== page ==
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Canine Car Safety

A lot of thought is given to ensuring that your human offspring are safe in the car but what about your dog? From proper positioning and use of safety restraints to avoiding eye trauma, read on for a crash course on keeping Spot safe on the road.

Secure Loose Items
In the event of a collision or any sudden stop requiring that you hit the brakes hard, anything in the car that isn’t secure becomes a potential source of serious injury. Even that seemingly innocuous tissue box can be dangerous at fast enough speeds. If anything, ensuring that nothing is floating around is a great way to motivate yourself to empty out those coffee cups and finally throw out that pile of receipts you’ve been meaning to clear out since 2012.

Always Use a Safety Restraint
We’re used to fastening our own seat belts and parents know all about the importance of child car seats but did you know that it’s just as important to buckle your dog in as well? Seat belts and tethers designed for dogs are critical and could very well save both your life and your dog’s if you were to ever be in an accident. It’s best to buy your dog’s safety harness at a reputable pet shop that can help you choose one in the appropriate size and provide assistance with installation.

Remember that you can buy the best seat belt in the world but it will be utterly useless if it isn’t used correctly. Get into the habit of restraining your dog every time you’re in the car, even for short trips. You wouldn’t skimp on your own safety so why take risks with your favourite four-legged friend?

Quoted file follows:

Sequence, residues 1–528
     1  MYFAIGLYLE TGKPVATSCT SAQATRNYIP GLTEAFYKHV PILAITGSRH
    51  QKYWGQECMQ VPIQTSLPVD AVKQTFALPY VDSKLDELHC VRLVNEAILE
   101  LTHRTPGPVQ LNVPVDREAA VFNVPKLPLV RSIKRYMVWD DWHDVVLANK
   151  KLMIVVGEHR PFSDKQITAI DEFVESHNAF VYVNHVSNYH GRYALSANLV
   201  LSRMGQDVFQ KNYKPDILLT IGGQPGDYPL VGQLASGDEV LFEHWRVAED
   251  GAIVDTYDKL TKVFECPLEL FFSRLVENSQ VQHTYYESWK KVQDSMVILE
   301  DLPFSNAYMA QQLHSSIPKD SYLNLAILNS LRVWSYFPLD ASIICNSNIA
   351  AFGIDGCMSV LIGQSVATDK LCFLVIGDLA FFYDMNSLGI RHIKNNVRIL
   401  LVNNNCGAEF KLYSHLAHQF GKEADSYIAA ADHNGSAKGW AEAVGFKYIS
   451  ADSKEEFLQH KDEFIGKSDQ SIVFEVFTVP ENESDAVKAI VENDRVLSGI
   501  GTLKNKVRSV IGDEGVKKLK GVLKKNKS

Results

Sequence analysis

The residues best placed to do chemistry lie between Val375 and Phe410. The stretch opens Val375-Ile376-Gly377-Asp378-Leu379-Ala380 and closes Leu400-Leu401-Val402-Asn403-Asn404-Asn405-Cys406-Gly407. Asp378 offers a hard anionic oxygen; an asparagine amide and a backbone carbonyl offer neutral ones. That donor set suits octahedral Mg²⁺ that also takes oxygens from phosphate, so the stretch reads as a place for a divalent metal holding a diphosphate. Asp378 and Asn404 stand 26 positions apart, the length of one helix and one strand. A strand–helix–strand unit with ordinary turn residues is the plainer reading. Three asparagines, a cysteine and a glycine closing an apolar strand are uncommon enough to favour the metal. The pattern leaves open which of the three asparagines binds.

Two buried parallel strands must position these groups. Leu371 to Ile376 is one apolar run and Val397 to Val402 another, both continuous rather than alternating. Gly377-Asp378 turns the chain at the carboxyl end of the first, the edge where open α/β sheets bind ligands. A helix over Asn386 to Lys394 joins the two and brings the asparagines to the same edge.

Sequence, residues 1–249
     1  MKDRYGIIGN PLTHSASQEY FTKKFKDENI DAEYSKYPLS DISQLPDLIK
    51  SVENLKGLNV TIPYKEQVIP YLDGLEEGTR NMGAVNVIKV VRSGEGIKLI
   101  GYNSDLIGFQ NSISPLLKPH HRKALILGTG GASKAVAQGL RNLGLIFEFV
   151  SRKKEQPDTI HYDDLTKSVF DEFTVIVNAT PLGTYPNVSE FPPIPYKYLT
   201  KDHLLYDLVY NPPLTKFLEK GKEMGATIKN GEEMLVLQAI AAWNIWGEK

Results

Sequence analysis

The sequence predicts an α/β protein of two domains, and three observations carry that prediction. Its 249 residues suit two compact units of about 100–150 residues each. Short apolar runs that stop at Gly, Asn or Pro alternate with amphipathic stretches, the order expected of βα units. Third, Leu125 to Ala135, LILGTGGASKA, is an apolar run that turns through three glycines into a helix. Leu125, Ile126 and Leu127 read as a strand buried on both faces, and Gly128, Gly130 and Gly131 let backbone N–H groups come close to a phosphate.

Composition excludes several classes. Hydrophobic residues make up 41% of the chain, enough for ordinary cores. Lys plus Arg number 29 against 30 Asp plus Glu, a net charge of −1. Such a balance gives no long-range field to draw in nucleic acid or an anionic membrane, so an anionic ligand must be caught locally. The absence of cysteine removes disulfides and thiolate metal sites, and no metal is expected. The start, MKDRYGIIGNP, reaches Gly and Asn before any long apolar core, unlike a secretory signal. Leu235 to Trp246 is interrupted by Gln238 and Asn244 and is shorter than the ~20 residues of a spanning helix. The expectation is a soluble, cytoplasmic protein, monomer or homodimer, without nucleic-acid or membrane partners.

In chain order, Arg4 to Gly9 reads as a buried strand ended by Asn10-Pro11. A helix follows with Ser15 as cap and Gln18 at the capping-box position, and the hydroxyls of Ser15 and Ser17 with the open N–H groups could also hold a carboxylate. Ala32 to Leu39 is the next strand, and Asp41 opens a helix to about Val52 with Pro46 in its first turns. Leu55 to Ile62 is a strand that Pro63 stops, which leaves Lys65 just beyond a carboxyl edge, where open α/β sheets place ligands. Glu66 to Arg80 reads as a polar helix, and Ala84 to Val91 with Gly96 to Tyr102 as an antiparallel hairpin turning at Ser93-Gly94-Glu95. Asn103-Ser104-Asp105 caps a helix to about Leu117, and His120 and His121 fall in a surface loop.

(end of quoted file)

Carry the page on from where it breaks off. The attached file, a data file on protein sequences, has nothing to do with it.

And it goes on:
Back Seat Only
This rule can be a bitter pill to swallow for pampered pooches who have grown accustomed to riding shotgun. Despite the fabulous views and close proximity to their most beloved people in the world (that would be you), the front seat is no place for a dog. An airbag deploying could be lethal to a dog and there’s always a risk of distraction to the driver, two situations best avoided.

If your dog truly loathes riding in the back, try folding down your seat if your car offers that option. You can usually still use your dog’s seat belt by anchoring it to a tether and often, the boost of extra height helps make things a little more pleasant for all parties involved.

Windows Closed
One of the most common issues presented at veterinary clinics is damage caused by foreign objects in a dog’s eye. While your dog may adore feeling the cool breeze on their face as you cruise down that gorgeous country road, it’s important that they always keep their head inside of the car. Dust, debris from the road or even insects can fly into your dog’s eye which can cause permanent damage.

Another potential risk with wide-open windows? Accidental escape. Even the calmest dogs have been known to make a jump for it at the sight of an especially tempting squirrel, a lush-looking dog park, or just because they want to avoid that inevitable trip to the vet. When you crack the window, make sure that your dog is secured in a position that keeps him at a safe distance. Don’t worry, he’ll still feel the wind in his fur.